THE OFFICIAL NEWS SOURCE OF ACR CONVERGENCE 2022 • NOVEMBER 10-14



Communication brings better LGBTQ patient outcomes

Lightning quiz: What does the acronym LGBTQ stand for?

Clinicians who don’t recognize “lesbian, gay, bisexual, transgender, queer/questioning” may not recognize their LGBTQ patients, either. And not recognizing a patient’s self-identity can create communication barriers that clinicians may not even realize exist.

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Barbara Snyder, MD

“LGBTQ patients are often marginalized, have lower income, may not have insurance coverage, and may have had such negative experiences with the healthcare system that they avoid it altogether,” said Barbara Snyder, MD, former Chief of Adolescent Medicine at the Robert Wood Johnson Medical School. “Just because you have a chronic illness doesn’t change who you are or your life experience.”

Dr. Snyder will kick off a special symposium on gender and sexuality issues in medicine, Treating Us Right: Lesbian, Gay, Bisexual, and Transgender Considerations on Sunday from 2:30 – 4:00 pm. Just as rheumatologists have recognized socioeconomic status and race or ethnicity as important elements in health status, attitudes and needs, sexual orientation, and gender identity are other, often less visible, aspects of identity that can affect communication and care in medical encounters.

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Caroline Hill, LCSW

“There is a common perception that because gay marriage was legalized at a federal level, the gay community has equal rights and everything is fine,” said co-presenter Caroline Hill, LCSW, Pediatric Rheumatology Social Worker at the University of California, San Francisco Benioff Children’s Hospital. “But in terms of access to health care and the experience of people in LGBTQ communities with medical care, the situation is still extremely difficult, particularly for transgender individuals.”

UCSF has long been a leader in providing care for LGBTQ people. But there remains much work to be done in public policy, education, and training for providers and staff at all levels.

LGBTQ and related psychosocial issues play out on three levels, Hill said.

At the macro level, these patients need federal policies and laws that protect LGBTQ individuals against discrimination in housing, education, employment, and other areas of life as well as health care.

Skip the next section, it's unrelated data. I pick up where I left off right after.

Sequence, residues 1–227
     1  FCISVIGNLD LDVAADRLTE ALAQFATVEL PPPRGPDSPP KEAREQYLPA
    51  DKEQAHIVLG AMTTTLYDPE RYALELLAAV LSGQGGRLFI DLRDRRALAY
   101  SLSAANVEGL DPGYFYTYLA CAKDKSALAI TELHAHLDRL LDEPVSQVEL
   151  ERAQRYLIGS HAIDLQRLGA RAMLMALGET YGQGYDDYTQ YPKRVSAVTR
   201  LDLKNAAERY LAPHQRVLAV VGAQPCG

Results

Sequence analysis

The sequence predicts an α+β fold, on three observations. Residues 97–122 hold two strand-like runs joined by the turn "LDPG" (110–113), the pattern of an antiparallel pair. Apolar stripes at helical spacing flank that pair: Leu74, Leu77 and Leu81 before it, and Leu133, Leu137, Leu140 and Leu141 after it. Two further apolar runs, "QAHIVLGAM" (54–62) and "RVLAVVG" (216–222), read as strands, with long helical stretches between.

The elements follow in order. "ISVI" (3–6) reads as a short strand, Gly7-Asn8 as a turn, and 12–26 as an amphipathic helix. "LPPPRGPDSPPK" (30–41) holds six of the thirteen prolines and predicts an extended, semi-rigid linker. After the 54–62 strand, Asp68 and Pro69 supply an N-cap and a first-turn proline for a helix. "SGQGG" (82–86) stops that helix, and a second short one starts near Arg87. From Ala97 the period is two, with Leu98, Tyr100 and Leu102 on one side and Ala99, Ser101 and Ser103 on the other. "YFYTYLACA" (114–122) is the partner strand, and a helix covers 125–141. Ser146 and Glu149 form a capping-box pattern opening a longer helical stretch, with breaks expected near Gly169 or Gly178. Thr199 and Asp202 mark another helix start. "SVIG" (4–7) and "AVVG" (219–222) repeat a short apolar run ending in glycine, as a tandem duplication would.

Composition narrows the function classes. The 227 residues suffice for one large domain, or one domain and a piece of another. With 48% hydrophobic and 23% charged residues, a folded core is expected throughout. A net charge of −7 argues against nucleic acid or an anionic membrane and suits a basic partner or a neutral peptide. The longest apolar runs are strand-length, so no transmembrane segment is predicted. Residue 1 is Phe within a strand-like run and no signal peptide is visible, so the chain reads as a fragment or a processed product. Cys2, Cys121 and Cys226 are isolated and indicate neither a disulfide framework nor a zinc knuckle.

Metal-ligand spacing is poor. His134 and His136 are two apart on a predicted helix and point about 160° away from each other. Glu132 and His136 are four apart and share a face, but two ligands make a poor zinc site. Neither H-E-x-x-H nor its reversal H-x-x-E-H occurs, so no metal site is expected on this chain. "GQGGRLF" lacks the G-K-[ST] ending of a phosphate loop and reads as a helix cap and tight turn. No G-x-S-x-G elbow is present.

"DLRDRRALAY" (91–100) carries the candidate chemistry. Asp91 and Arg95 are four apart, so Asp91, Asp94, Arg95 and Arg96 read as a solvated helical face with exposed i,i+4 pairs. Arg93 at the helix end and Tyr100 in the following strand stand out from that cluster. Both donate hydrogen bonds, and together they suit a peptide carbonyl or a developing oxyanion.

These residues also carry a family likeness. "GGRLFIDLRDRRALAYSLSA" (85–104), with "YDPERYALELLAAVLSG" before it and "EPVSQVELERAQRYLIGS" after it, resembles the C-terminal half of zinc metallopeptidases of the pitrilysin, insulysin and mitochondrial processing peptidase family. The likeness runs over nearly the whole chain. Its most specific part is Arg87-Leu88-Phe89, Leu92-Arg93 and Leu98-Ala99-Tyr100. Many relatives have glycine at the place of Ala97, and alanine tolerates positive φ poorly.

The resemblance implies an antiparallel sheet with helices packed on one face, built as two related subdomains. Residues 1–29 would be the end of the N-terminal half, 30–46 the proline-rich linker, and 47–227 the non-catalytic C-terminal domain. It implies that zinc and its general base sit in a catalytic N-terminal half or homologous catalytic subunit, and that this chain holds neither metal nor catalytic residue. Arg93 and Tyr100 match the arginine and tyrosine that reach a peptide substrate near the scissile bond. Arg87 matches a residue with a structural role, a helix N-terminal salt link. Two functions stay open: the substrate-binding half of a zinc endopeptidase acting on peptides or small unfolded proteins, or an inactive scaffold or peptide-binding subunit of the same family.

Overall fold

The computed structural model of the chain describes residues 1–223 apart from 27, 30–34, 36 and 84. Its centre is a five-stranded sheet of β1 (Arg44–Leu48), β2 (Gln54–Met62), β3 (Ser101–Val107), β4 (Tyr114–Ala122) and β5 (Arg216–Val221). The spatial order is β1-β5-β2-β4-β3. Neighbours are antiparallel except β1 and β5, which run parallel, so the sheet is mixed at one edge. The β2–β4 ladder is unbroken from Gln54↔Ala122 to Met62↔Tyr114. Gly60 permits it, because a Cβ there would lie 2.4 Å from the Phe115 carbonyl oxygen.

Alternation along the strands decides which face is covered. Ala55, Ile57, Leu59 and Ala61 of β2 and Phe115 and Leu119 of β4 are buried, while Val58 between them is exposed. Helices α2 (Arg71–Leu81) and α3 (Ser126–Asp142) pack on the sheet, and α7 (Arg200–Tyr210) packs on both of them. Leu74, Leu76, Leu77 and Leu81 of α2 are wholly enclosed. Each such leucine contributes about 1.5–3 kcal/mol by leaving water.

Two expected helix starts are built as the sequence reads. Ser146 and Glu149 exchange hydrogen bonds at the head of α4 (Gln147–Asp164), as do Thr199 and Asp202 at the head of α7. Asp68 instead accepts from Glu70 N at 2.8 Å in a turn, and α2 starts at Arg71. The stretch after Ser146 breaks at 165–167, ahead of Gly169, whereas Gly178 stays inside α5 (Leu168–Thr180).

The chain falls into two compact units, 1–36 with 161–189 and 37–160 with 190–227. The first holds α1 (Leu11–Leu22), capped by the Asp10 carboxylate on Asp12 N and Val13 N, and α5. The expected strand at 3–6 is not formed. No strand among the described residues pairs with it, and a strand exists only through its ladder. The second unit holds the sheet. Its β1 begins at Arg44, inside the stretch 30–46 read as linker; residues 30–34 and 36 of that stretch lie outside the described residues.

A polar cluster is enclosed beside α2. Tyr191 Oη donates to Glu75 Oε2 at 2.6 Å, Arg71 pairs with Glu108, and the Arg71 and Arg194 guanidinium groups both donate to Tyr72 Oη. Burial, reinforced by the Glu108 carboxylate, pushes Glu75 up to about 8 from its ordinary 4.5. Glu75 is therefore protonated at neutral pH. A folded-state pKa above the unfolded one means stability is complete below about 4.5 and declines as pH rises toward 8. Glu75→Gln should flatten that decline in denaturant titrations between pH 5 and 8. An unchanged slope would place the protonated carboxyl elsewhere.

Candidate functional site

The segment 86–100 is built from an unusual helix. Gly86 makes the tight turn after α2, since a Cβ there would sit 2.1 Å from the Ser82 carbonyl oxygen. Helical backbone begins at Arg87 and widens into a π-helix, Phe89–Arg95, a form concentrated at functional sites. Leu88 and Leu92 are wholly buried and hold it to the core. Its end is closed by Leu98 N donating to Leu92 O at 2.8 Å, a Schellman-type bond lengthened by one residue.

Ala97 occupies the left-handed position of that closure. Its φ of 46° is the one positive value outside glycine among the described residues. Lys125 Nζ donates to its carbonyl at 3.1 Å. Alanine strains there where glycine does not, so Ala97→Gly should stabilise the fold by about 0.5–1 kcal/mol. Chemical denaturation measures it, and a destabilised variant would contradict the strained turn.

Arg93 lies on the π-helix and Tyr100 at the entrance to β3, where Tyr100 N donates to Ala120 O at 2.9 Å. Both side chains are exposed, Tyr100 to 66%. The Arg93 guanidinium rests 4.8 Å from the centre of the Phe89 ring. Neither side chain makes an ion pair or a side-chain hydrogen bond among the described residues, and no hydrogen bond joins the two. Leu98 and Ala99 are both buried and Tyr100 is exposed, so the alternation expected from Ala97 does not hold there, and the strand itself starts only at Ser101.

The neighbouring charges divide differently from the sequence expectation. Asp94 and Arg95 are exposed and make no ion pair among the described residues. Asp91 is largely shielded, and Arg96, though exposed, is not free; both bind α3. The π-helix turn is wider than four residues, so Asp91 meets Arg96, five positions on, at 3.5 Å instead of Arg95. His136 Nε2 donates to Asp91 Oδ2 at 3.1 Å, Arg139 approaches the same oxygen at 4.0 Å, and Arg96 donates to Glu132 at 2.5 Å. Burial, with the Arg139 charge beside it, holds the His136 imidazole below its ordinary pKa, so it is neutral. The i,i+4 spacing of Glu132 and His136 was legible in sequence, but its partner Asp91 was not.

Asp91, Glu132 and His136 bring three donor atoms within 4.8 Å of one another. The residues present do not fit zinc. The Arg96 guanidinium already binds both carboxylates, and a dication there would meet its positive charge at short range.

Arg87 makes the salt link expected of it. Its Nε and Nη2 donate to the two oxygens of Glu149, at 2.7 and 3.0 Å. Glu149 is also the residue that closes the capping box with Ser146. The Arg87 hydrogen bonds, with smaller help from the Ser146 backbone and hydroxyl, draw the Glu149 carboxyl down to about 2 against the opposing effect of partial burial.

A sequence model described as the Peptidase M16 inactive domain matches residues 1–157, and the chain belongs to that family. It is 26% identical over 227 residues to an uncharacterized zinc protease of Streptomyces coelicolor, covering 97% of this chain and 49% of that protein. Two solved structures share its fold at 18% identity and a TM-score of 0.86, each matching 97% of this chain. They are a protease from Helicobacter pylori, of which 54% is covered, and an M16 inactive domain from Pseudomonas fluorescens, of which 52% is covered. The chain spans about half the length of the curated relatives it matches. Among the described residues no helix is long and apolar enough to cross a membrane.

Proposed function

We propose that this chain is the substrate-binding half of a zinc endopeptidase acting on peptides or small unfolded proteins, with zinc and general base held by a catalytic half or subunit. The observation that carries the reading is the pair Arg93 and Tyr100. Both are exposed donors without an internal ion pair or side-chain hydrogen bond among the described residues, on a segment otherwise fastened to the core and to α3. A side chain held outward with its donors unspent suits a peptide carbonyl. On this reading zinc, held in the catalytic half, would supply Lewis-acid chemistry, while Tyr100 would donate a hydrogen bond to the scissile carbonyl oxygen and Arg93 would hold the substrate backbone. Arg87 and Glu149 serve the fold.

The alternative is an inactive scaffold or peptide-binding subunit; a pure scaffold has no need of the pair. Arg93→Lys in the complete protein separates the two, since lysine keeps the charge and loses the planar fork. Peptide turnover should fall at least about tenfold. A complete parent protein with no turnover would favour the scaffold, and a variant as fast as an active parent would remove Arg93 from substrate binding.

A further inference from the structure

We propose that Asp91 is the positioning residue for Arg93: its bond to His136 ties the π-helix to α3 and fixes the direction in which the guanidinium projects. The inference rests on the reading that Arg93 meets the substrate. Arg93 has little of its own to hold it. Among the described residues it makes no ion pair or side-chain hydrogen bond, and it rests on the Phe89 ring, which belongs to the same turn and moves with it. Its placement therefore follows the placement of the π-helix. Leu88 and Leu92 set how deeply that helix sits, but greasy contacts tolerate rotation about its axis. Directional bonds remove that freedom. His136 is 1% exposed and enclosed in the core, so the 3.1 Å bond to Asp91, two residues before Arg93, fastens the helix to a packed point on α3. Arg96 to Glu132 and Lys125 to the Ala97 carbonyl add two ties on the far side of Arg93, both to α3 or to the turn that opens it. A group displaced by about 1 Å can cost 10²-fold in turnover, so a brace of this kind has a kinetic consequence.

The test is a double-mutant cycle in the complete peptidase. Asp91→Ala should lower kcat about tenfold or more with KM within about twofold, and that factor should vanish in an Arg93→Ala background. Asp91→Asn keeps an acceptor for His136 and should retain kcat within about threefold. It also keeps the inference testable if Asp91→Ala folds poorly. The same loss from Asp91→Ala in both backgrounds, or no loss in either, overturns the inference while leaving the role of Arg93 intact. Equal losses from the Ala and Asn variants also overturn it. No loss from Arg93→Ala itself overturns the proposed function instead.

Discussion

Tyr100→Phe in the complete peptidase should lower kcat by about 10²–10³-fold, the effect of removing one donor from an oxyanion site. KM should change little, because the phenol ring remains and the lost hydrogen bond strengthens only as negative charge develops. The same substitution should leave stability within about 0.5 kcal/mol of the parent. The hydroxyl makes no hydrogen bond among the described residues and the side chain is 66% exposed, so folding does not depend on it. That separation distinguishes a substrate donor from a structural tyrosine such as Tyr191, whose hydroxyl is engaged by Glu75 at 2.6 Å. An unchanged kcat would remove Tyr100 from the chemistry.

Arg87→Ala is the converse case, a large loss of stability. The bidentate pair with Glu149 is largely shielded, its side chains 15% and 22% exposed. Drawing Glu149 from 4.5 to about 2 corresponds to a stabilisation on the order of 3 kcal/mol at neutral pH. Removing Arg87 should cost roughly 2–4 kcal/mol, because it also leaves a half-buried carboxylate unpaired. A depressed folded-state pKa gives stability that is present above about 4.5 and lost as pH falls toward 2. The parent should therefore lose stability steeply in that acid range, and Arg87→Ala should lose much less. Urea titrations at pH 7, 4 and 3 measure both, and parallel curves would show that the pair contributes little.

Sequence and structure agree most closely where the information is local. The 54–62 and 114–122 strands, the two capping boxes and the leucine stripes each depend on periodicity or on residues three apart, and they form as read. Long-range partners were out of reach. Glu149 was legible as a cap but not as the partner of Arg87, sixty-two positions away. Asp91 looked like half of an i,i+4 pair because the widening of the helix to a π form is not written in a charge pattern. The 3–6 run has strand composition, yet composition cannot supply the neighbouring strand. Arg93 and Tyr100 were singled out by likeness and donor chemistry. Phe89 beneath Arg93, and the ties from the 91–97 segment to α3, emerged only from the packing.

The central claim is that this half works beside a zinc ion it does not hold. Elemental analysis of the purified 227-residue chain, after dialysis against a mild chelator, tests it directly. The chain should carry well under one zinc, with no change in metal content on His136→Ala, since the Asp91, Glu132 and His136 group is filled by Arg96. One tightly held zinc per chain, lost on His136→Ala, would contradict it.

On the mezzo level, healthcare institutions need policies that recognize LGBTQ individuals as vulnerable and underserved patients for whom practitioners and staff may need specialized training and sensitivity.

At the micro level, practitioners and office staff can do a lot make LGBTQ patients feel more comfortable in the medical environment and to encourage them to continue to seek care.

“Create a welcome environment,” Dr. Snyder said. “It’s not just the physician, it’s our whole staff being sensitive. It’s about the language you all use regarding roles and gender. You have to be sensitive. Words really matter.”

When it comes to communicating with patients, it is often the little things, the automatic assumptions, that are the most problematic, she said. Don’t make assumptions about a patients’ relationship status. Don’t assume that every young woman is at risk for pregnancy. And don’t assume that lesbians are not at risk for pregnancy.

“A high percentage of lesbian women also have sex with men,” she said. “You should be asking about male partners and what she is doing to prevent pregnancy — especially because many of the potent agents rheumatologists use may be contraindicated in pregnancy. At the same time, you can’t just tell her to go on birth control pills, which most lesbians don’t want to do because they don’t see themselves as being at risk. It takes a great deal of sensitivity to talk about the very real issues surrounding pregnancy with a female who does not self-identify as a heterosexual woman — or maybe not as a woman at all. Trust can be difficult to establish because of your patient’s prior experiences.”

Like race and ethnicity, gender identity and sexual orientation issues are well on the way to becoming a permanent part of the nation’s social fabric.

“We are living in a very dynamic time of civil rights and recognition for the LGBTQ community,” Hill said. “This session is an invitation to practitioners who want to go beyond the science of rheumatic disease to explore the humanity of medical practice. There are some very specific considerations that can enhance care for our patients in these vulnerable and marginalized groups.”

CLINICAL PRACTICE TRACK
Treating Us Right: Lesbian, Gay, Bisexual, and Transgender Considerations
2:30 – 4:00 pm Sunday • Room 201